King is very happy at Stax. It is not widely known that he tried to get something going at Stax in the early days, back around 1962, when Jim Stewart was running the show single handedly. Nothing came of it but Albert found his way back to Stax about two and a half years ago. Almost all of the material on Born Under A Bad Sign originally appeared as singles, none of which ever really made it. While Al Jackson is the man who works most intimately with Albert, and is credited with being his producer, Albert is supported by everyone at Stax. Steve Cropper does a lot of technical work for King and plays rhythm guitar on many of his recordings. Booker T. does all of the horn arrangements.
King particularly enjoys working with the men at Stax. “Cold Feet,” one of King’s delightful singles, is an instrumental with King’s voice almost mumbling brief comments about how he and the band are just trying to come up with a hit. It seems the song was recorded after a day in the studio during which king was unable to come up with anything of commercial value. Everyone was frustrated and they decided to lay down a simple instrumental. Albert soon got to swearing at his bad luck. Most of what he said had to be taken off the record because it was unfit for AM (or FM) radio. Jim Stewart more or less ran that particular session.
There are two things one realizes after seeing King perform on a good night. The first is that his guitar playing is more limited than his vocal work. The second is that within his limits, Albert King is one of the great contemporary bluesmen.
King’s guitar style is like no other. I asked him who he had learned how to to play from and he answered, “Nobody. Everything I do is wrong.” Indeed, it would seem so. King plays with his thumb, uses a low and unorthodox tuning, and plays a Vshaped Gibson (first brought to the public’s attention by the wham of that “Memphis man,” Lonnie Mack). None of this is normal.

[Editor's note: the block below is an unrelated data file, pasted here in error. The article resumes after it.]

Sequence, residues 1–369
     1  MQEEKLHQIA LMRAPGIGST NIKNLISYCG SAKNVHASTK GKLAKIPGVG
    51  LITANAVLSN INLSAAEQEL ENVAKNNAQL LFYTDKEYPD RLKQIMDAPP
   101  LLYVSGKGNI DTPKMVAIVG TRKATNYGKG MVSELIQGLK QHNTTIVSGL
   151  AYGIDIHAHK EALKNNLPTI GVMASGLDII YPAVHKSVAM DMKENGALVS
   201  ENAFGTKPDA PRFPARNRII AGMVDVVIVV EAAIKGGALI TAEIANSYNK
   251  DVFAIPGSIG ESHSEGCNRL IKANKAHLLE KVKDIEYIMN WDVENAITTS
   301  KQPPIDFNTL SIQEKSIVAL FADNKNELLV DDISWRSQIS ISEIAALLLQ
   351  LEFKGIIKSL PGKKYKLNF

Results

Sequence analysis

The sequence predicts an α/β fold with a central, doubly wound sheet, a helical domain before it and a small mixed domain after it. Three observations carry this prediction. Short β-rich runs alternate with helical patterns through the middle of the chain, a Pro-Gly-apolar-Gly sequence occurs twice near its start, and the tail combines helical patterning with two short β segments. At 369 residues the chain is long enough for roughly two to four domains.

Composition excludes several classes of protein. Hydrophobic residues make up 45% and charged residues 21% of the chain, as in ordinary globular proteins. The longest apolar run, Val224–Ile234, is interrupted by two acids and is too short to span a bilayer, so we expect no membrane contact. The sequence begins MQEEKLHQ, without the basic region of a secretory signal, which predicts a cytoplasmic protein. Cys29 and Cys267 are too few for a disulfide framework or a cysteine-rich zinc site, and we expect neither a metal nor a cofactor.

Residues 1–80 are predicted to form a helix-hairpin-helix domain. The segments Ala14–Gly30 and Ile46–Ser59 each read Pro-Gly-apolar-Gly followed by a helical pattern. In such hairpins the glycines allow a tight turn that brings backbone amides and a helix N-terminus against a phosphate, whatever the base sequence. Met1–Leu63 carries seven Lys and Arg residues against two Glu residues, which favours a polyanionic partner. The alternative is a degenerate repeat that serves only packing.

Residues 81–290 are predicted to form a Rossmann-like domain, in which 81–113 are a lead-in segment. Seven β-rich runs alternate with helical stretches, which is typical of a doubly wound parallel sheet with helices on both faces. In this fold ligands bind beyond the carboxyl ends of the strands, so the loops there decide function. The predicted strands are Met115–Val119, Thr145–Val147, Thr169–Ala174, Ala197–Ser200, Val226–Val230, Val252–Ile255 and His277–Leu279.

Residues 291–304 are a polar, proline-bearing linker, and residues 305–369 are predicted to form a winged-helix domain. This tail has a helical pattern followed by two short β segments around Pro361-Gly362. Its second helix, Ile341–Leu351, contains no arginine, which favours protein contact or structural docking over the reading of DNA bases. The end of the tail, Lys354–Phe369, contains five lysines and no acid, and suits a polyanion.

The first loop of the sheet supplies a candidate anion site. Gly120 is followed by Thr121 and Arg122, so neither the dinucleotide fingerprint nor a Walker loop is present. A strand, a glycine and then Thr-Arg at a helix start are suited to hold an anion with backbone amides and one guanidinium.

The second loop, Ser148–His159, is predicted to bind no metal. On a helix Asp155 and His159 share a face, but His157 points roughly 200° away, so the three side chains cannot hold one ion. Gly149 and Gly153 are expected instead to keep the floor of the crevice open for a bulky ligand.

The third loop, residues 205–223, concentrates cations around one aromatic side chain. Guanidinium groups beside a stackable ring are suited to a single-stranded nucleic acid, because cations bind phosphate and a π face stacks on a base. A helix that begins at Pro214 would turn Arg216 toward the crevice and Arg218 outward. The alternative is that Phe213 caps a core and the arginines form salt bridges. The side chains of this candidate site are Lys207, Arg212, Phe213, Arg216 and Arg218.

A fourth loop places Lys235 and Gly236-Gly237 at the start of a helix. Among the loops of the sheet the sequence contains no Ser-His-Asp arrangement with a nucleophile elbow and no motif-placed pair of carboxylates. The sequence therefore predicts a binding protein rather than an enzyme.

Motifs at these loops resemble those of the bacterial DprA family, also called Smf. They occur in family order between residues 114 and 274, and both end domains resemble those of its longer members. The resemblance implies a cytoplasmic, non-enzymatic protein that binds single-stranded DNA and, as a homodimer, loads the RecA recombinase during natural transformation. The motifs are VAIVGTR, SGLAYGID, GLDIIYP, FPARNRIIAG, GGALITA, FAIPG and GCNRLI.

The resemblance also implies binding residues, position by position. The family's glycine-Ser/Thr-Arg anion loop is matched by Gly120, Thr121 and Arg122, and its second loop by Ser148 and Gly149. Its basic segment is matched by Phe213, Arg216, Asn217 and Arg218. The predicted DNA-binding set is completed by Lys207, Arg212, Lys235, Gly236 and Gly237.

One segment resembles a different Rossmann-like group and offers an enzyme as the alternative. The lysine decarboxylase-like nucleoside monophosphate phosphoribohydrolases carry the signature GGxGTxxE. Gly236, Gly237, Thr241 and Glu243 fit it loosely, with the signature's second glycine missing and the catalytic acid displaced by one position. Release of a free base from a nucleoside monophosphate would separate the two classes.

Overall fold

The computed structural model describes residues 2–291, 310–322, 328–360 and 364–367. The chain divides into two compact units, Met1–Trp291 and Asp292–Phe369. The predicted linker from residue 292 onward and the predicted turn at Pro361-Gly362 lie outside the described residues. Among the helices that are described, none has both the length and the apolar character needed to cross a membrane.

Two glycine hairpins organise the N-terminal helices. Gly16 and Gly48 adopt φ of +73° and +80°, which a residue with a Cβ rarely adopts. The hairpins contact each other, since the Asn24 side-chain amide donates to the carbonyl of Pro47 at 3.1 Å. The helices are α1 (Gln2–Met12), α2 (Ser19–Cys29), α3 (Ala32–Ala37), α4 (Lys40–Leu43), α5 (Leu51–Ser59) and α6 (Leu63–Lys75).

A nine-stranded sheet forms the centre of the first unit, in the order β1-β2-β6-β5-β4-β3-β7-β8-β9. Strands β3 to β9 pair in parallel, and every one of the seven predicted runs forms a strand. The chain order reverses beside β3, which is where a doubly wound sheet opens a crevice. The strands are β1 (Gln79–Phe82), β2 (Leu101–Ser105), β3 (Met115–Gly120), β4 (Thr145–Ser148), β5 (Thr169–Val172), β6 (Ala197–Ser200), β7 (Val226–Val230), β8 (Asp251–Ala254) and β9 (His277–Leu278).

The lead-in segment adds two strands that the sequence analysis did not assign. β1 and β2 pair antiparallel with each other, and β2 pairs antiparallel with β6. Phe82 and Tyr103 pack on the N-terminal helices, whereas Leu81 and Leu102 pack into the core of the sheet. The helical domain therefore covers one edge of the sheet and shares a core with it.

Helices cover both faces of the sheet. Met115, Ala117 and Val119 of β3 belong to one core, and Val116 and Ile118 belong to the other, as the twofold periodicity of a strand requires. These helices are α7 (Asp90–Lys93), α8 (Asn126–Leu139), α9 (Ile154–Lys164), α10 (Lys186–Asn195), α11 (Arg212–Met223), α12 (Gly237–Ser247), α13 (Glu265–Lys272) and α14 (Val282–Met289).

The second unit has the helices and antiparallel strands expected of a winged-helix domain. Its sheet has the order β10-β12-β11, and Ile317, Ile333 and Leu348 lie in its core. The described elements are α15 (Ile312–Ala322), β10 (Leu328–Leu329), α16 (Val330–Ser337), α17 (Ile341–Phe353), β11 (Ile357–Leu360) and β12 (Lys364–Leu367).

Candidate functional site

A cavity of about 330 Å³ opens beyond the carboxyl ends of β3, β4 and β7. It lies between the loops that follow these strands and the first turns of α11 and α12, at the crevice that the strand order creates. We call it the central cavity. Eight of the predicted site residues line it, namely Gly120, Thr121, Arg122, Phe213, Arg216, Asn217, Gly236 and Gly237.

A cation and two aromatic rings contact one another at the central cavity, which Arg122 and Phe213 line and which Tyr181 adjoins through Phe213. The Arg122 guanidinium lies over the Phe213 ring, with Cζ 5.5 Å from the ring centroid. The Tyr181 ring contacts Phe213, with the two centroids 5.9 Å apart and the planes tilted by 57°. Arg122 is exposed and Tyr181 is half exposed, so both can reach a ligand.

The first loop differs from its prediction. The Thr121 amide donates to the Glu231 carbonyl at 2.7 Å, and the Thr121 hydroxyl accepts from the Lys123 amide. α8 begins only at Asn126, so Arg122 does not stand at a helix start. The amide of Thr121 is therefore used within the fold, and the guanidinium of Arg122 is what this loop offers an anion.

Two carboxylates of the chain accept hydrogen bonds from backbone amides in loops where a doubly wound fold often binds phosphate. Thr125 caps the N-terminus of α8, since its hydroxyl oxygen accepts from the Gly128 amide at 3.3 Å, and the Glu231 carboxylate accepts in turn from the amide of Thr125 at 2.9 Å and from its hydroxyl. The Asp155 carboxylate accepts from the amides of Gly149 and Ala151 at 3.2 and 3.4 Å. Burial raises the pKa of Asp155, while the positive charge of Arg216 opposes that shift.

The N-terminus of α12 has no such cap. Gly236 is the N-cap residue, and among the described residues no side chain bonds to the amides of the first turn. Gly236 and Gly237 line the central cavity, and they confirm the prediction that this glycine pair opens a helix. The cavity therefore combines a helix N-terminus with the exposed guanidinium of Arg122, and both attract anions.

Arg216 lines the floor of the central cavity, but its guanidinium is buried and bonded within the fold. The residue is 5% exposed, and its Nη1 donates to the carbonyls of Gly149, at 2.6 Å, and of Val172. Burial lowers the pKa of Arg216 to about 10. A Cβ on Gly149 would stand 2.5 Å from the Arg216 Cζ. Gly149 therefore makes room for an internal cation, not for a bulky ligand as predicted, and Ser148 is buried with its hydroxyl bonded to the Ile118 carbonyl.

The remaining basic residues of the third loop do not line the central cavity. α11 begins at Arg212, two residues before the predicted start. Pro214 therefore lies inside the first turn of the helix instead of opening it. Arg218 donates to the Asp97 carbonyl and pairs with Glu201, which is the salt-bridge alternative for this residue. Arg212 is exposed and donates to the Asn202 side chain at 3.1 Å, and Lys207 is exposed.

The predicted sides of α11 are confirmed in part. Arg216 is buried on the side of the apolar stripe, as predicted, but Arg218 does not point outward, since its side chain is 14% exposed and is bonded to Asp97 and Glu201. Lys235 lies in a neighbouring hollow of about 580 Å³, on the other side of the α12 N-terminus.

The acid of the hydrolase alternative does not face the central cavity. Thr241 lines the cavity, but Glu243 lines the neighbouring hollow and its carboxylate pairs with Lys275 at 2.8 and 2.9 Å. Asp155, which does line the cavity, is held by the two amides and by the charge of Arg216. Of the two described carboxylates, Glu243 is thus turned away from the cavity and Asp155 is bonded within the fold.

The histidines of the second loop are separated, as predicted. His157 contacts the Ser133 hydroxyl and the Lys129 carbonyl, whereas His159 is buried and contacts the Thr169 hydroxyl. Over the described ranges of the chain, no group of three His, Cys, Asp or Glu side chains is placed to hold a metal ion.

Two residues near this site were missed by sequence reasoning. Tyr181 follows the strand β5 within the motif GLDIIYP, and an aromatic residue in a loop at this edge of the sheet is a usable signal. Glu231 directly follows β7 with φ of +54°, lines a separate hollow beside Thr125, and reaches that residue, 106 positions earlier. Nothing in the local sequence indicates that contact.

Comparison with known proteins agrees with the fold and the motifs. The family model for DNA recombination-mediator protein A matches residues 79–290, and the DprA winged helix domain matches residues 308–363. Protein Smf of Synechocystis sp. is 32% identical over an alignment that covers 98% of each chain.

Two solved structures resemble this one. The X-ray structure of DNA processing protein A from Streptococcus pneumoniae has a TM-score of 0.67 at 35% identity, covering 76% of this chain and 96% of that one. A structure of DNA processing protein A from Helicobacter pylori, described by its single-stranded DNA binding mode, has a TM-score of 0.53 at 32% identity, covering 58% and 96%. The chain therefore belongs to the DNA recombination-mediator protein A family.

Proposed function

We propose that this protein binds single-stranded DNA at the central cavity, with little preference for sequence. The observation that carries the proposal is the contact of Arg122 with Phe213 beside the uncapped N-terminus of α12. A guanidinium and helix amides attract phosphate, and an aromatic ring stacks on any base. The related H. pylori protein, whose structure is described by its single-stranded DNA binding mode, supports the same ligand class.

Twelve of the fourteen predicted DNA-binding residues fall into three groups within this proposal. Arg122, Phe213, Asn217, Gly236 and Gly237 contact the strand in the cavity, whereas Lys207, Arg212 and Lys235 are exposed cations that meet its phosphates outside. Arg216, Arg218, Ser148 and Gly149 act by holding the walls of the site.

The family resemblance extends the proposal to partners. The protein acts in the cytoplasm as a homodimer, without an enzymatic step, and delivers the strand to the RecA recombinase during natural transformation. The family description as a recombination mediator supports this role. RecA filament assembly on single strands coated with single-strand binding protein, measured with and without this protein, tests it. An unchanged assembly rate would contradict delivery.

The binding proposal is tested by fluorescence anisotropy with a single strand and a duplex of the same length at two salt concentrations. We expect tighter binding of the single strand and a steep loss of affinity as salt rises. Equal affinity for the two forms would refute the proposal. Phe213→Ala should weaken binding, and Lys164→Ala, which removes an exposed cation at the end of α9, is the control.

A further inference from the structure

Within the context of the bluesmen who have gotten to be well known with white audiences, Albert’s frequent reliance on a shuffle tempo is also an anomaly. One of his numbers sounds very close to Arthur Smith’s “Guitar Boogie Shuffle” of ten years ago. Albert likes the shuffle (“with a back-beat,” if you please) because it breaks up the set. Albert needs to do that because he likes to linger over the numerous slow blues in his repetoire, the best of which is “Stormy Monday.”
Albert’s approach to this sort of material is very close to B. B.’s. They both rely on the slow buildup in tension with a mounting crescendo from the accompanists. However, Albert has to suffer by comparison, if for no other reason than his organist plays a Farfisa (compared to King’s Hammond) and he lacks the horns which are so important in that that kind of build up. Nonetheless, when King puts everything into it and lets it roll on for a couple of choruses, it achieves the desired results and you can see the people standing up and calling out to him, applauding in the middle of the breaks and clapping in time. He does get to the audience.
In live performance it is “Lucy” and “Born Under A Bad Sign,” two of Albert’s best recordings, that suffer most from the lack of instrumental depth. On the other hand, “As the Years Go Passing By” is somehow simpler and sweeter without the encumbrance of horns and the live version surpasses even the beauty of the studio version. “Kansas City” is also great live. On the record it has one King’s greatest horn arrangements. During the singing the horns lay out of the way but when they get to the instrumental segment they play against the guitar and change the whole direction of the beat. Live, the song is turned into a guitar tour de force and the tricky horn arrangement is forgotten. The result is a wholly different arrangement, but still great. (Although neither Albert nor anyone else has ever really come up to Wilbur Harrison’s “Kansas City.” Little Richard’s version was a whole different song and that’s quite a number too.)
King is not a big one for encores. But if he comes back and plays anything, most likely it will be a shuffle. The same kind of thing that he opened the set with only a bit faster. And if it’s long and it builds just right it’s enough to push the audience over the top. At his best Albert King leaves you wishing he meant it when he said at the beginning, “We’re gonna roll all night long.”
This story is from the October 26th, 1968 issue of Rolling Stone.